Food and beverage cans are typically made from steel and aluminium, which require different recycling processes. Aluminium cans are first shredded and then mechanically and chemically cleaned to remove any coating. Steel cans need to be submerged into a chemical solution to dissolve their tin layer, before being drained and rinsed. Both aluminium and steel go on to be melted in a furnace, before being poured into casts. Like glass, metals are not degraded through the recycling process, and can be recycled an infinite number of times.
The Challenges of Recycling
Recycling is always a better alternative than sending materials to landfill, incineration, or littering, and it has a lot of benefits: it conserves energy and resources, reduces emissions, cuts down the amount of materials in landfill sites, and creates jobs. However, there are many obstacles to recycling and unavoidable issues with the process itself.
Just because an item is recyclable does not mean that it will be recycled. According to the OECD, only 9% of plastics produced globally have been recycled. People often dispose of their recycling incorrectly because they either don’t know whether an item is recyclable or they don’t know where it should go. There is no standardisation of recycling streams globally, or nationally within most countries, and the types of items accepted in different collections varies widely from place to place, which means there is a lot of public confusion about how to recycle correctly. Inconsistency and confusion breeds scepticism, and there is a strong public narrative that all recycling ends up in a landfill, regardless of where you put it.
Energy & Emissions
While recycling can reduce the environmental impact associated with producing virgin materials, it still requires its own energy and creates its own emissions through collection, transportation, and the recycling process itself.
Cost & market variability
Recycling is an expensive process, and is only cost effective if there are markets to purchase the recycled products. Because the cost of virgin materials is so low, recycling can often face weak and variable markets. National recycling schemes, such as the the New Zealand soft plastics or batteries ones, are known to stop without warning when markets dry up. High costs and inconsistent markets mean businesses are often reluctant to invest money into recycling infrastructure.
Lack of infrastructure
All material and products are technically recyclable, but without appropriate and accessible infrastructure they cannot be recycled at scale or cost effectively. We lack the infrastructure to recycle many materials in New Zealand, including most types of plastic and metals. For many countries, it is not financially feasible to develop the infrastructure needed to recycle all the materials they produce, which means they either end up in landfill, or get shipped overseas, which creates more emissions, and often ends up in developing countries with little or no environmental legislation and enforcement.
Below are some informational videos about how recycling works in two of New Zealand’s major cities, which will be similar to major cities around the world. Typically, big cities use machinery to sort their recycling, while smaller areas often rely on manual sorting. The videos also outline the risks of recycling incorrectly. It must be stressed that kerbside recycling varies from region to region, and it’s critical that you check your local council website to understand what items are accepted for recycling in your area, and where it goes.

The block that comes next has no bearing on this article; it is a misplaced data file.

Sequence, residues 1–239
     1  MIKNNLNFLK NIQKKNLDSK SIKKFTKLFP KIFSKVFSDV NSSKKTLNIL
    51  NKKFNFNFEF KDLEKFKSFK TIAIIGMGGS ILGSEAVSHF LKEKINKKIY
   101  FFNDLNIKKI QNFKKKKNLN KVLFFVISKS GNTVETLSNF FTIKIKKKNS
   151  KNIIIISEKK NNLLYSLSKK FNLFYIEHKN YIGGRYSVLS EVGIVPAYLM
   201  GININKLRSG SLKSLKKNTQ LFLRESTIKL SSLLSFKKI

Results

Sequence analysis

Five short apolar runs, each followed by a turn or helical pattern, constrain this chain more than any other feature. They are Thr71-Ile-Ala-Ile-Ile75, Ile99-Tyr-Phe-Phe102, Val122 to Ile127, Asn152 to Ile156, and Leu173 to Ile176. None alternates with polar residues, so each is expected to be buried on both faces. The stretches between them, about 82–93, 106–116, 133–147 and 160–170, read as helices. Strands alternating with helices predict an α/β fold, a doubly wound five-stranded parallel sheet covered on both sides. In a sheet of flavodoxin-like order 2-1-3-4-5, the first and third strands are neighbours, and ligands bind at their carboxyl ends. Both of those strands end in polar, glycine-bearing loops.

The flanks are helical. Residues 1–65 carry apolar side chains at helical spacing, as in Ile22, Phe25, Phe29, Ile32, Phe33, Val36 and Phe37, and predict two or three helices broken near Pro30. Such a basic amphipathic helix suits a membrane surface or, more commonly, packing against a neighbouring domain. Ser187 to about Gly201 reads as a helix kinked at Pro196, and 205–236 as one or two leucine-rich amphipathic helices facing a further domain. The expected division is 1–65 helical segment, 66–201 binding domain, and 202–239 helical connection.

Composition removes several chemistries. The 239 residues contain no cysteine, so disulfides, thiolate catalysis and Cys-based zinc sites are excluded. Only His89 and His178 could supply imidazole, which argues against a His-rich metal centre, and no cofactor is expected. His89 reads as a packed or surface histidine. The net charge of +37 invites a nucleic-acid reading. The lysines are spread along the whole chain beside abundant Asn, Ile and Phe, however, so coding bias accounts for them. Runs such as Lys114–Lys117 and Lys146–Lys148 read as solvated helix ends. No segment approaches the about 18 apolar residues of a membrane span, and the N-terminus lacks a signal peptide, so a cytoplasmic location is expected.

Recycling in Practice
Availability of recycling options and infrastructure varies widely across the globe. As mentioned above, there is no international standardisation of recycling streams and what can be accepted in each one, which creates public confusion about how to recycle correctly. There is often not even recycling standardisation at a national level, with different cities and communities within the same country accepting different items for recycling, which further increases confusion; in New Zealand, for instance, Tetra Pak (liquid paperboard packaging) cartons are collected for recycling in the Auckland region, but nowhere else, due to the location and capacity of the recycling plant. This public confusion, paired with a lack of recycling options and infrastructure, has led to poor recycling rates globally; it’s estimated that only 19% of the world’s waste is recycled (or composted) each year, and only 9% of plastics ever created.
How to Improve Recycling Rates
National and local governments have an important role to play in improving recycling rates, through investment in infrastructure and local initiatives, the development of comprehensive kerbside recycling collections, regulation of businesses and the products they put on the market, and public education and engagement.
Businesses who sell products can improve recycling rates through effective packaging design and clear communication of end-of-life options. Businesses can make their packaging more easy to recycle by:
- Using a single material, where possible;
- If multiple materials must be used, ensuring they are easily separable;
- Avoiding toxins and additives in materials;
- Using recycled materials (this helps to create further demand for recycled materials, thereby improving the economic viability of recycling);
- Clearly labelling packaging, specifying the material composition of the product and its end-of-life options.
Choosing the right material for your product packaging can be a challenging undertaking. Consideration needs to be given to the durability and safety of the material in protecting your product, as well as the environmental impact of sourcing the material and its recyclability. Before making any decisions, businesses need to know what the recycling options are for different materials in the areas they sell products in. New Zealand Trade & Enterprise (NZTE) has an excellent guide on redesigning packaging to be more sustainable, which provides the pros and cons of common materials, and is applicable to businesses outside of New Zealand.
Although improving recycling rates is important, it should be stressed again that recycling is not a silver bullet for our sustainability challenges and goals. Government, businesses, and community members should all be striving for waste prevention, rather than waste management, to move us towards a circular, regenerative economy.